So you just finished interviewing for a job you applied to; you are excited about being hired, and you got this “this-is-it” feeling. But again, other applicants were interviewed, and the hiring manager did not mention anything about the next stage of the hiring process, except that you’ll be contacted. So what do you do next?
Before you panic and get flustered, relax, sit down and write a thank-you note. Regardless of the outcome, writing a thank-you note will do wonders for you and will help improve your chance of getting hired. Even if the eventual result is not in your favour, writing the letter enables you to develop your personality and helps you maintain an optimistic frame of mind.
1. Send a thank-you note.
Writing a thank-you note will do wonders for you and will help improve your chance of getting hired. Even if the eventual result is not in your favour, writing the letter enables you to develop your personality and helps you maintain an optimistic frame of mind. Keep it short and highlight parts of the interview that impacted you. Send your note within 24 hours of your conversation with the hiring manager. Please send it via email, as it is the fastest means of communication. You may also send a handwritten note, but make sure you mail it immediately.
2. Do some information-gathering before you leave
Collect as many calling cards from relevant people before you leave the place of the interview. This way, you’ll have names of people that you can contact if needed. You can also personalise your communications by addressing these people on their terms.
3. Address the concerns raised during the interview
Send out immediate information or additional requirements requested from you during the interview. Do not wait long because this will indicate that you are not interested in the job.
4. Share your thoughts about your interview experience
Acknowledge parts of the interview that impacted you personally and professionally. For example, reiterate how the interview boosted your belief that you have the right qualifications for the job.
5. Recognise the company
Aside from showing gratitude for the opportunity to be considered for the job, mention your observation about the company and express your excitement about being hired. This will make the employer feel you are ready to join them and become an asset to the organisation.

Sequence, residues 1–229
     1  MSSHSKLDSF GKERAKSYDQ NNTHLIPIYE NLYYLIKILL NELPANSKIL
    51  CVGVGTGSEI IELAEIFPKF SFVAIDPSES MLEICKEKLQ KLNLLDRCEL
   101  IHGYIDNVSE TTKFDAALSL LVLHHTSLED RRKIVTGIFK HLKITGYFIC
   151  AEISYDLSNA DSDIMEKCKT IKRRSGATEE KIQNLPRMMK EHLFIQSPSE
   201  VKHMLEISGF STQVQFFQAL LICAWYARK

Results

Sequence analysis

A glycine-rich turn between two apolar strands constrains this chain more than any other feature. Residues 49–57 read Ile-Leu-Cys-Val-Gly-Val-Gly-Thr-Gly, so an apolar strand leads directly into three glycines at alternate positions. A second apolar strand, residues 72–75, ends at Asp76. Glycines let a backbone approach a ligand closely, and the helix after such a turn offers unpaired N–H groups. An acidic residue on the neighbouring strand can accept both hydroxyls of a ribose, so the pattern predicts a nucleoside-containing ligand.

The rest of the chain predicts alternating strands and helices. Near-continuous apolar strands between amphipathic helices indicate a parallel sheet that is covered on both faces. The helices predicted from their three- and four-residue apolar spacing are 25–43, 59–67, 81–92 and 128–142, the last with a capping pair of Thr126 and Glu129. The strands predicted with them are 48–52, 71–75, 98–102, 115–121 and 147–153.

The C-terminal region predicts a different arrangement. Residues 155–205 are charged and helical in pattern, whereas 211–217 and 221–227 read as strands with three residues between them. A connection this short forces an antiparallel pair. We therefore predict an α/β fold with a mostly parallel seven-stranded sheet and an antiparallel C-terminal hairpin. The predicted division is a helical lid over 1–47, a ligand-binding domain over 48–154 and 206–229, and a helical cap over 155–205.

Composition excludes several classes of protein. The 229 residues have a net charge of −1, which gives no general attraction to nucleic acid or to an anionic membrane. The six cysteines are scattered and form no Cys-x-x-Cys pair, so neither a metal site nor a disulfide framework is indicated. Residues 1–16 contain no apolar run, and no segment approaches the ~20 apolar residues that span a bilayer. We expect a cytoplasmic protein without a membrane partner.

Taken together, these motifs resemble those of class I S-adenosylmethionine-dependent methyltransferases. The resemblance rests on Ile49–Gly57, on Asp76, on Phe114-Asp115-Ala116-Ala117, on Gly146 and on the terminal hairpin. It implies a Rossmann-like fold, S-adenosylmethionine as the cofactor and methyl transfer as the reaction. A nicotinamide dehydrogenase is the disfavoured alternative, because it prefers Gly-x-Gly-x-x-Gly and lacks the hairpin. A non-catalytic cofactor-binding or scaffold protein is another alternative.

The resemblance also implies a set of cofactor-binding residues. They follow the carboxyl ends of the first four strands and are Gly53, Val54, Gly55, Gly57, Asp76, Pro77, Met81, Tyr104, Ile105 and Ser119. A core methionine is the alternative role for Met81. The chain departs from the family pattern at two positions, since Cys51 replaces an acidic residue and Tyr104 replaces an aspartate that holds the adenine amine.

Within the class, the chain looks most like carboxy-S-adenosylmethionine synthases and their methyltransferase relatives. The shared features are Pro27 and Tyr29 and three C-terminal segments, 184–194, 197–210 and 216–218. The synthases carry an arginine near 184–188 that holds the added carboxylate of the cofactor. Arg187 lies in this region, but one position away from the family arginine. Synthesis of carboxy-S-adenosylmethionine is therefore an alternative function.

6. Send out personalised letters to interviewers
If you happen to be interviewed by several persons, write each one a customised thank-you note and follow-up letter. Point out the highlights of your conversation with each person and emphasise your qualifications based on your conversation. If contacting the interviewers directly is impossible, you can route the message through the agency or recruiter.
7. Clarify other steps of the hiring process
If you missed asking what you should do next during the interview, a follow-up letter would help you get a clearer picture of the following procedure. At times, hiring managers are too busy with other tasks that they sometimes set aside to follow up with their interviewees. In this case, be proactive in reaching out to them without being pesky. Politely inquire about the status of your application and ask if there are other requirements you need to submit. Do not forget to mention the name of the person who interviewed you, the date and time of the interview, and the position you applied for. This way, your follow-up letter can be forwarded to the relevant person if the company has someone assigned to look at correspondences related to the job posting.
8. Keep lines of communication open
Mentioning your contact information in your follow-up letter will make it easier for the hiring manager to keep in touch with you. You indeed have included this in your résumé or CV, but make it easier for your future employer (and advantageous for you) by completing the information readily available.
9. Grammar and spelling
Like in any professional communication, your follow-up letter must be free of grammatical or typographical errors. You are experienced, and your communications must always be made similarly. Always have someone look at your letter to provide you with a fresh perspective. This is important if you are writing several communications as it will help write each one uniquely.
10. Be professional at all costs
Not all interviews you go into will end up the way you want them. For example, if there were 10 of you who were interviewed for a single position, you only have a 10% chance of being hired. Your success rate will even be lower if there are more interviewees. If you are not accepted, graciously thank the interviewer or hiring manager for the chance provided to you to present your qualifications. Express the positive effect of the interview experience and keep your doors open to possibly work with the company in the future.
After you’ve prepped and practised your responses, a lot goes into an interview. However, it can be easy to forget the following steps, even though they’re crucial for building rapport with hiring managers or potential clients. This blog post discussed some points on following up after an interview, so you don’t miss any opportunities. Which of these tips do you think would help you most in future discussions? It’s worth taking 20 minutes out of your day to improve your chances of getting a job!